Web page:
Kwaku Mills Actor and Arinze Kene - Writer
Set in the nineties in inner city London, Good Dog follows a Good Boy who is trying his best to uphold righteous values as advised by his pastor and estranged father.
We follow this boy to man account of trying to just be good for a bicycle promised by his mother. Visible seemingly only to Desmond and his gang who have him in head locks daily and regularly beating him up at school, our Young Man looks through his window and later down from his balcony at his community - invisible to the world. We meet all of the neighbors and their struggles with morality through our Good Boy - hiding behind the walls of his estate but observing everything.
Like with all good one man/ woman performances – after the first 10 minutes I forgot that I was only meeting these characters vicariously through the main and only character in the play.
I saw the Old man Boateng, a Ghanaian drinker trying to fight his addiction and make an important call at the phone box across the road.
I laughed at the What-What Girls that visit Gahndi’s corner shop and steal items unapologetically.
And I tensed up and felt uneasy at the Smoking Boys who continuously smoke outside Trevor Seniors backyard as he teaches his son Trevor Junior to play cricket, despite the polluted air.
Returning back from the interval kwaku mills does a brilliant job of transforming from this awkward adolescent, fragile boy to… well a seasoned experienced man in both his body and voice.
I really enjoyed the transition, and felt that the otherwise prejudged character – had won over the audience by his sensitivity in the first half. I also enjoyed the distinct transition because we often marginalize this idea of the hooded man. It is a surface character, one that lacks depth rather than a real human. But the display, in the first half of a Young Man that is bullyed, invisibile, fragile and loyal to his community - dimantles this image. The hood not only is a symbol of a mask and a shield, but us as an audience are educated to why the hood is worn.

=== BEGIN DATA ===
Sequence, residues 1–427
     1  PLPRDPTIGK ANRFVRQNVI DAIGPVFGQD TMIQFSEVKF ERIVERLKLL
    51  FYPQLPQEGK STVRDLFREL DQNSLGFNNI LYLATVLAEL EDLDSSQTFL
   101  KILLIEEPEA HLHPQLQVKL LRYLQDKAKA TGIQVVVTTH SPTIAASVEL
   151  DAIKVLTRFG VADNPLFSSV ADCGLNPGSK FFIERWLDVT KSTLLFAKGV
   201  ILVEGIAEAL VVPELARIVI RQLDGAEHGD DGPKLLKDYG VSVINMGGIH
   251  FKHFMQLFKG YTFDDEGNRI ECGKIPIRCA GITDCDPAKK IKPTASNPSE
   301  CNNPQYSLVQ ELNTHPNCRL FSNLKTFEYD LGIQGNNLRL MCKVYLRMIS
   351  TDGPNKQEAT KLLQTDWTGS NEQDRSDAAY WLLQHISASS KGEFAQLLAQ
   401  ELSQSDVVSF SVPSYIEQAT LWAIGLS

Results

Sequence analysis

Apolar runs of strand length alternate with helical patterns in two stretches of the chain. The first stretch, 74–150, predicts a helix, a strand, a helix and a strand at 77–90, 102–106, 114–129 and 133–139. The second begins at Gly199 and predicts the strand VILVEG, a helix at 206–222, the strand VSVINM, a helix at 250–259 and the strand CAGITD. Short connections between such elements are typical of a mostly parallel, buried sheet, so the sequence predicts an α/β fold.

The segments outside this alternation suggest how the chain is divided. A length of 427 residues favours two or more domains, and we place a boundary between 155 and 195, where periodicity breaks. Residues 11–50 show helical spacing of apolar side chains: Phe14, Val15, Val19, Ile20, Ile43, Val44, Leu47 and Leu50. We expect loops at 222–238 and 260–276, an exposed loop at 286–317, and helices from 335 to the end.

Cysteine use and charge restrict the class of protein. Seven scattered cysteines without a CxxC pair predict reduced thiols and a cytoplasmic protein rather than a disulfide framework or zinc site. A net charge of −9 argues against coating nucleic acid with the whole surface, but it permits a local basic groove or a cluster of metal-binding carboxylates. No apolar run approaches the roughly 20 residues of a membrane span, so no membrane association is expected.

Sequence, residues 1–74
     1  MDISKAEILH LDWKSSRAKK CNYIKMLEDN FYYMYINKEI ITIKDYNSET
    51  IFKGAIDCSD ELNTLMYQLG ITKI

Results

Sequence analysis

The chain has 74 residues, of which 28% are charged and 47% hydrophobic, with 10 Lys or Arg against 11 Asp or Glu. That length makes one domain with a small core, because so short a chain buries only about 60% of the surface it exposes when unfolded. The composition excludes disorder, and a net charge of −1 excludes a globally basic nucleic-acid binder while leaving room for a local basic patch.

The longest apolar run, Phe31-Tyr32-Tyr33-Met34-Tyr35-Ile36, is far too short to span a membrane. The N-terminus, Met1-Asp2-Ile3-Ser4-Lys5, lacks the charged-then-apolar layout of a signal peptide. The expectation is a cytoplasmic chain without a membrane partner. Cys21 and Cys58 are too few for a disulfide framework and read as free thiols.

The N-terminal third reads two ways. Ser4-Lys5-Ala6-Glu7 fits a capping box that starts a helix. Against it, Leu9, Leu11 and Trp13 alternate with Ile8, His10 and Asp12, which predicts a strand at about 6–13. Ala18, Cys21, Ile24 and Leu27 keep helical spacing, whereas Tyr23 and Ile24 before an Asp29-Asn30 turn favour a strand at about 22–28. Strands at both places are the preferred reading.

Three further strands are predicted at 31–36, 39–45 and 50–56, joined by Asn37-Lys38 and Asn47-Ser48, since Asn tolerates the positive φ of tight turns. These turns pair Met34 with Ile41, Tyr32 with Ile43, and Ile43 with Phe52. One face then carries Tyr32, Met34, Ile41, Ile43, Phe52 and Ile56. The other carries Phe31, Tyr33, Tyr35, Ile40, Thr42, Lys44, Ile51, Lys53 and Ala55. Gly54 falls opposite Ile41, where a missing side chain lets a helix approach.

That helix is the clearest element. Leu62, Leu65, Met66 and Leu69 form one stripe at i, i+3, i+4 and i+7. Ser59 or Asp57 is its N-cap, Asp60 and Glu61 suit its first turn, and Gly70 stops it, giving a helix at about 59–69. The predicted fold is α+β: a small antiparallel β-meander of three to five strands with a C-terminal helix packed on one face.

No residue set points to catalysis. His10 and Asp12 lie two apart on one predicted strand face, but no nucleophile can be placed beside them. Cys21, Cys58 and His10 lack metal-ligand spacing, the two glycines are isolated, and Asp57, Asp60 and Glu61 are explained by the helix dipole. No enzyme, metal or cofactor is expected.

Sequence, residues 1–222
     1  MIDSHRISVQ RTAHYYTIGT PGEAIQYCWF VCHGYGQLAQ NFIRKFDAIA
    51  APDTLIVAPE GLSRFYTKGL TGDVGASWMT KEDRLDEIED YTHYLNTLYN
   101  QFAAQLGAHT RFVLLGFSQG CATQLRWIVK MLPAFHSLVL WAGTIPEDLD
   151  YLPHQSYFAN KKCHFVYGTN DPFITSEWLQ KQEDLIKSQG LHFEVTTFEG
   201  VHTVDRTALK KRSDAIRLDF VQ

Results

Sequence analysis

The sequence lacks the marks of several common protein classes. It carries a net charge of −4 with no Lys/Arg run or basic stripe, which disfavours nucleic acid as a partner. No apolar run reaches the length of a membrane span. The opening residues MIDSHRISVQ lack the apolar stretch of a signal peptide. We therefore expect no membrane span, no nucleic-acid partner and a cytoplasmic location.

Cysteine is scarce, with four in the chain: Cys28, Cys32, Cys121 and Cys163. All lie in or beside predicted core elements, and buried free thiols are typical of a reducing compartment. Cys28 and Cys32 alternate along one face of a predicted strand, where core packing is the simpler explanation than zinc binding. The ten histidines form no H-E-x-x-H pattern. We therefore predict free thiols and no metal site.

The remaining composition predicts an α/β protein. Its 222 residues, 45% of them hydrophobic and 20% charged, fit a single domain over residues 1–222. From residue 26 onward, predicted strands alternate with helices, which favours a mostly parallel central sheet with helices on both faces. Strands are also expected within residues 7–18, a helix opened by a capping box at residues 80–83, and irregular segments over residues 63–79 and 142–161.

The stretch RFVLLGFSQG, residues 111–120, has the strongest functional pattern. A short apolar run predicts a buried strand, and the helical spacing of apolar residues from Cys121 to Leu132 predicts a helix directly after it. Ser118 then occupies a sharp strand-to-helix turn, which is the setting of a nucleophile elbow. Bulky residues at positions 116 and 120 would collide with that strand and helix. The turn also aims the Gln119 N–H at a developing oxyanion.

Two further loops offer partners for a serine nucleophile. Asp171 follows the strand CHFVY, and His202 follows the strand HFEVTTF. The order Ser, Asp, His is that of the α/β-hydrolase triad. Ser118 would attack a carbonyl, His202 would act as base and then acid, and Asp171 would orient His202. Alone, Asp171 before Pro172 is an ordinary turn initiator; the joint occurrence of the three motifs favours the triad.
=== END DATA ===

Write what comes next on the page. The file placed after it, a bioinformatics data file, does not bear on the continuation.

So you know by now how relevant titles are to me. And Good Dog is no different - offering a great illustration of how we all are on some sort of leash.... Dog leash. Held by the system, the 'powers that be' maybe, and being a 'Good Dog'. The majority of us do good, be good, live safe - because of religion, parents or some other type of doctrine.
Aside - Now don’t get me wrong – I am all about doing right, but Good Dog most definitely got me to question why. Why do the majority of us, just play good?
Is it for some reward? Probably
When actually it should just be for our personal integrity!
But Good Dog is not just metaphorically relating to our Young Man (who is actually unnamed) holding good values and being led - this is characterised, vicariously again, between our Young Man and an actual good dog.
We meet two dogs Big Dog and Little dog. Big Dog constantly torments Little Dog through the neighboring fence that separates them.
One-day, the usual occurrence of Big Dog barking at Little Dog, whilst their owners are out at work occurs. But this time Big Dog breaks through that fence! Running for his life - Little Dog manages to escape death but is traumatised by the experience making him not so passive anymore. He becomes a terror to his owner and eventually, years later, kills Big Dog.
These events are described in the same way as Old Man Boateng, the What What Girls, Gahndi and the other characters – but like all of the charaters life and journey, they are a parallel to our Young Man’s actual experience, which shapes who he is.
Good Dog will be on tour until the end of March - click the link for dates!